Saab 9-3


RESSURECTED Swedish car-maker Saab has hit the reboot button, with confirmation that production of its 9-3 sedan/hatch will recommence in Trollhattan today.

A Saab 9-3 Aero is scheduled to be the first vehicle to roll off the production line at 1.30pm central European time today.

The initial run of the 9-3 follows the successful completion of a number of prototypes back in September that were built to test the capabilities of the production line.

The iconic Swedish car-maker was given another chance at life last year when a Japanese and Chinese consortium known as National Electric Vehicle Sweden (NEVS) agreed to buy the bankrupt entity and relaunch it as an electric vehicle manufacturer.

While plans remain in place for the newly formed company to produce electric vehicles based on the 9-3, the first batch of “new” Saabs are powered by an internal combustion turbocharged petrol engine.

NEVS public relations officer Mikael Ostlund confirmed with Reuters that the 9-3 will initially be built in “small and humble numbers” and be sold in China and Sweden only.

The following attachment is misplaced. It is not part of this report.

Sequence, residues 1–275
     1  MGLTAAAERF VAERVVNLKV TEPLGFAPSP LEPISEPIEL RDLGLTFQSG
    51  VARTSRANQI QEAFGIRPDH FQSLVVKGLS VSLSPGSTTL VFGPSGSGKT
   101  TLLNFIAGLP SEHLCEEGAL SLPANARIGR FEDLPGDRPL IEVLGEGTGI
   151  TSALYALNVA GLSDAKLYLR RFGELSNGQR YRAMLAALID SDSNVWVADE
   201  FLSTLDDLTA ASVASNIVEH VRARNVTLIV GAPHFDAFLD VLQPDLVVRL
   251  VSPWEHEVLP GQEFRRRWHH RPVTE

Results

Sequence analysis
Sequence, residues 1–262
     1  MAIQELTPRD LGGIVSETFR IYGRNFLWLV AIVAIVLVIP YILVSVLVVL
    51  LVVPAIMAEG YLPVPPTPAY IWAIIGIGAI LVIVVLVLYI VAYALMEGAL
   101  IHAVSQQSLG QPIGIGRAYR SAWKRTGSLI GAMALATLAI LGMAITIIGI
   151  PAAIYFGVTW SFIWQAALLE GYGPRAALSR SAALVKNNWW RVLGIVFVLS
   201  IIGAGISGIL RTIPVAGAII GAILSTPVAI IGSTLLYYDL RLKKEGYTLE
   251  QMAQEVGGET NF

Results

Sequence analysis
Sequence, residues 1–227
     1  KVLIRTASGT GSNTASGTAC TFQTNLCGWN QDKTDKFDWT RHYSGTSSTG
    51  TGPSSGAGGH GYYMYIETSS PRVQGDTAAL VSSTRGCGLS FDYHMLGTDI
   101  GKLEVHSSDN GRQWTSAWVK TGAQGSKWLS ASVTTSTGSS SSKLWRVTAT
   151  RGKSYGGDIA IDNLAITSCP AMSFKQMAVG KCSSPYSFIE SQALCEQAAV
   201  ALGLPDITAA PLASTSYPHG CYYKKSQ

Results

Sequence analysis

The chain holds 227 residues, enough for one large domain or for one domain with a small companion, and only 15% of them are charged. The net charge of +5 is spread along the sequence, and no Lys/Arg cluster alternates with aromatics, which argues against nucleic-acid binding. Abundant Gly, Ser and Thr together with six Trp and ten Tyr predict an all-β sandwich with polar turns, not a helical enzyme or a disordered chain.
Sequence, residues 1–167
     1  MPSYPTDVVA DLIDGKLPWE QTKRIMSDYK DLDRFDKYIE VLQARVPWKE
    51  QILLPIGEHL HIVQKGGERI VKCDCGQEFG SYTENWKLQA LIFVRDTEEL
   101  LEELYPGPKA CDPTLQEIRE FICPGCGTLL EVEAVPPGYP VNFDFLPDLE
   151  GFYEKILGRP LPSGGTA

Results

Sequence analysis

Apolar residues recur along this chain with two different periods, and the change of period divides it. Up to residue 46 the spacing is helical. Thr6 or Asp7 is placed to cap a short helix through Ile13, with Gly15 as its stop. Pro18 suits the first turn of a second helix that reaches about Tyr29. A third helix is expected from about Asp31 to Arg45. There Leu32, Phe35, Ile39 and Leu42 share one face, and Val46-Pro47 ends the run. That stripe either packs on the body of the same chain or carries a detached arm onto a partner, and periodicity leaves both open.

The EV powertrain is expected to be rolled out sometime next year, with a mild facelift to update the design that has been around since 2002, and at this stage is scheduled for sale in China only.

A possible wider roll-out could occur in Europe and US, depending on demand and production capacity.

Model year 2014 9-3s will reportedly be similar in specification to the 2011 version, with Mr Ostlund confirming that the newly formed EV-maker has reached agreements with the 400 suppliers of parts for the 9-3.

Mr Ostlund confirmed with Reuters that NEVS currently employs 600 workers at the Trollhattan plant, far fewer than the 3500 people that were employed at the time the company dissolved.

Saab officially filed for bankruptcy in late 2011, after the company was offloaded by former owner General Motors following the global financial crisis.

A number of potential suitors held talks with Saab in the hope of keeping it afloat, including Dutch supercar-maker Spyker, who purchased the ailing marque in 2010.

Spyker tried to strike deals with a number of Chinese backers without success, leading to the eventual bankruptcy of the company.


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